Talk to an attorney
You are not required to hire an attorney, but dividing debts in a divorce can be complicated. Consider talking to an attorney to go over your options. One way to talk to an attorney is to visit a free legal clinic. Clinics provide general legal information and give brief legal advice. You might also hire an attorney for just part of your case or to do one particular thing, rather than represent you for the whole case. For more information, see our webpage on Finding Legal Help.
Division of marital debts
In many divorces, the parties must divide the debts they owe as well as the property they own. If the parties agree about how to divide the debts, the court will include that agreement in the divorce decree. If the parties cannot agree about how to divide the debts, the court will do its best to divide them fairly.
Generally, if there is debt associated with the property (for example, a car loan), the person who keeps the property will have to pay the debt. Generally both spouses are equally responsible for joint debts incurred for a family purpose (anything that benefits the whole family rather than just one spouse). Generally, a spouse is not responsible for the other spouse's personal debts unless they agreed to pay the debt.
Other than medical expenses for minor children, the court's order on how to divide the debts is binding only on the parties. Creditors are not required to honor the division of joint debts, even if they have been notified of the order. Thus, if the spouse who is supposed to pay a debt fails to do so, the creditor may seek payment from the other spouse, who then has to try to collect the money from the one who was supposed to pay. For more information and forms for enforcing an order to pay debts, see our page on Motion to Enforce Domestic Order (Order to Show Cause).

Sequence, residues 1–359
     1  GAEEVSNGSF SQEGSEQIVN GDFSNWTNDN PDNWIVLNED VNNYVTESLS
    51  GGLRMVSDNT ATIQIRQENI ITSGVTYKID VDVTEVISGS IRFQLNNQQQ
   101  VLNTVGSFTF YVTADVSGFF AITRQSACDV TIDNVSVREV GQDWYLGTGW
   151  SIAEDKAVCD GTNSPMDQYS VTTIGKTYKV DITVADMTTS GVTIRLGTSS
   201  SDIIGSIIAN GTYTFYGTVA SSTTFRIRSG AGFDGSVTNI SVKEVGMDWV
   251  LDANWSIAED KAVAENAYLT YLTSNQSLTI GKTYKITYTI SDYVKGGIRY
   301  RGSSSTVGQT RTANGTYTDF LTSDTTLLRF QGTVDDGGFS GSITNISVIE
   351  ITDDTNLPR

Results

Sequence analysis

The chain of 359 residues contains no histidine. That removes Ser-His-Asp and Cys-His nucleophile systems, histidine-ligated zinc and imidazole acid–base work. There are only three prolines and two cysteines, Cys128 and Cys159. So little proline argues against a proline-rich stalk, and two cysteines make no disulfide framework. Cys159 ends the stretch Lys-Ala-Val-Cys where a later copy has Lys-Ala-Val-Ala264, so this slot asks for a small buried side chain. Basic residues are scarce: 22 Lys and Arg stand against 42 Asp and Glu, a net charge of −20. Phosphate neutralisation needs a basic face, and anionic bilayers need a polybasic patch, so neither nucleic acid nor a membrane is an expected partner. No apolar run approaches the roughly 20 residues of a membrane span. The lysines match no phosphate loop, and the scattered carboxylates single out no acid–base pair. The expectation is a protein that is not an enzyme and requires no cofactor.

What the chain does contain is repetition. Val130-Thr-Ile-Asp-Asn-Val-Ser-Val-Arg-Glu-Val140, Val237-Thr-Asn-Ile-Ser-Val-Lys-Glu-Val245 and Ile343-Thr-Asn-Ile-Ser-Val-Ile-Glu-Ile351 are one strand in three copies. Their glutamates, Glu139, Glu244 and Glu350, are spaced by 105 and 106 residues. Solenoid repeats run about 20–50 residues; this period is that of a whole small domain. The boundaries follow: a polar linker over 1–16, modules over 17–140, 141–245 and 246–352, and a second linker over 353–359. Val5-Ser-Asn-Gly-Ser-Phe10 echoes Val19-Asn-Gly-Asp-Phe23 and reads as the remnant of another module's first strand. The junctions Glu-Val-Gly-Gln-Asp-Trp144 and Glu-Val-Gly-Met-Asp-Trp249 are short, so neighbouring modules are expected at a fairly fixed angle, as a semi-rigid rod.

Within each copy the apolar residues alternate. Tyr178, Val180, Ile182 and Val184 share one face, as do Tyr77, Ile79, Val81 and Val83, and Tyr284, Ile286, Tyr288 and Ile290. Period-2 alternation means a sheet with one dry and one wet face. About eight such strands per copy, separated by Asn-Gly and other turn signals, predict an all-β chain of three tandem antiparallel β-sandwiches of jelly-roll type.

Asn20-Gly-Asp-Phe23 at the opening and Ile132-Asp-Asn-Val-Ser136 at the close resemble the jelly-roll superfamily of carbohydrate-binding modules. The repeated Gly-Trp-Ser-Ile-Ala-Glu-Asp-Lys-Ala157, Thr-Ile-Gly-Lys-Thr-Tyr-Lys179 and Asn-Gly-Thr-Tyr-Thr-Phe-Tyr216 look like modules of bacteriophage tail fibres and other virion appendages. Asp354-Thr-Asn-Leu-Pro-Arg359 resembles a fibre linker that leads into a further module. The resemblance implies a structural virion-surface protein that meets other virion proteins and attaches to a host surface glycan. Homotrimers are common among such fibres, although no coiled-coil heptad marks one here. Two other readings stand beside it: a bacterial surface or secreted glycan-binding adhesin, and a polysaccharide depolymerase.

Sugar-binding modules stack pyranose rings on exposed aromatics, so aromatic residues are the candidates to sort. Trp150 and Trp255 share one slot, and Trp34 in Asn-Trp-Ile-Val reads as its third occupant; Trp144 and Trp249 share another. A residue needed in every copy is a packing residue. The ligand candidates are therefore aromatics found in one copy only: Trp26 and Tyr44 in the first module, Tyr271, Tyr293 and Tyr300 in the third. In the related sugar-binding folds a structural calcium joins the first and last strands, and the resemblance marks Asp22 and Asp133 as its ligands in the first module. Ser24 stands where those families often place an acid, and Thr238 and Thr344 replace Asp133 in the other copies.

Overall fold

A creditor for medical expenses for minor children, who has been provided with a copy of the order, must honor the division of that debt.
- Answering a Complaint or Petition
- Child Custody and Parent Time
- Child Support
- Debt Division
- Default Judgments
- Divorce Mediation
- Fee Waiver
- Filing Procedures
- Finding Legal Help
- Going to Court
- How to get a Temporary Order
- Informal Trial of Support, Custody and Parent-Time
- Judicial Recognition of a Relationship as a Marriage
- Mandatory Education in Divorce and Temporary Separation
- Modifying Child Custody
- Modifying Child Support
- Modifying Parent-time
- Motion to Enforce Domestic Order (Order to Show Cause)
- Ninety-Day Waiting Period in Divorce Cases
- Online Court Assistance Program (OCAP)
- Parenting Plans
- Property Division
- Public and Non-public Records
- Separate Maintenance
- Serving Papers
- Temporary Separation
- Utah Statutes, Title 30, Husband and Wife
- Utah Statutes, Title 78B, Chapter 12, Utah Child Support Act
- Utah Statutes, Title 78B, Chapter 13, Utah Uniform Child Custody Jurisdiction and Enforcement Act
- Utah Statutes, Title 78B, Chapter 14, Uniform Interstate Family Support Act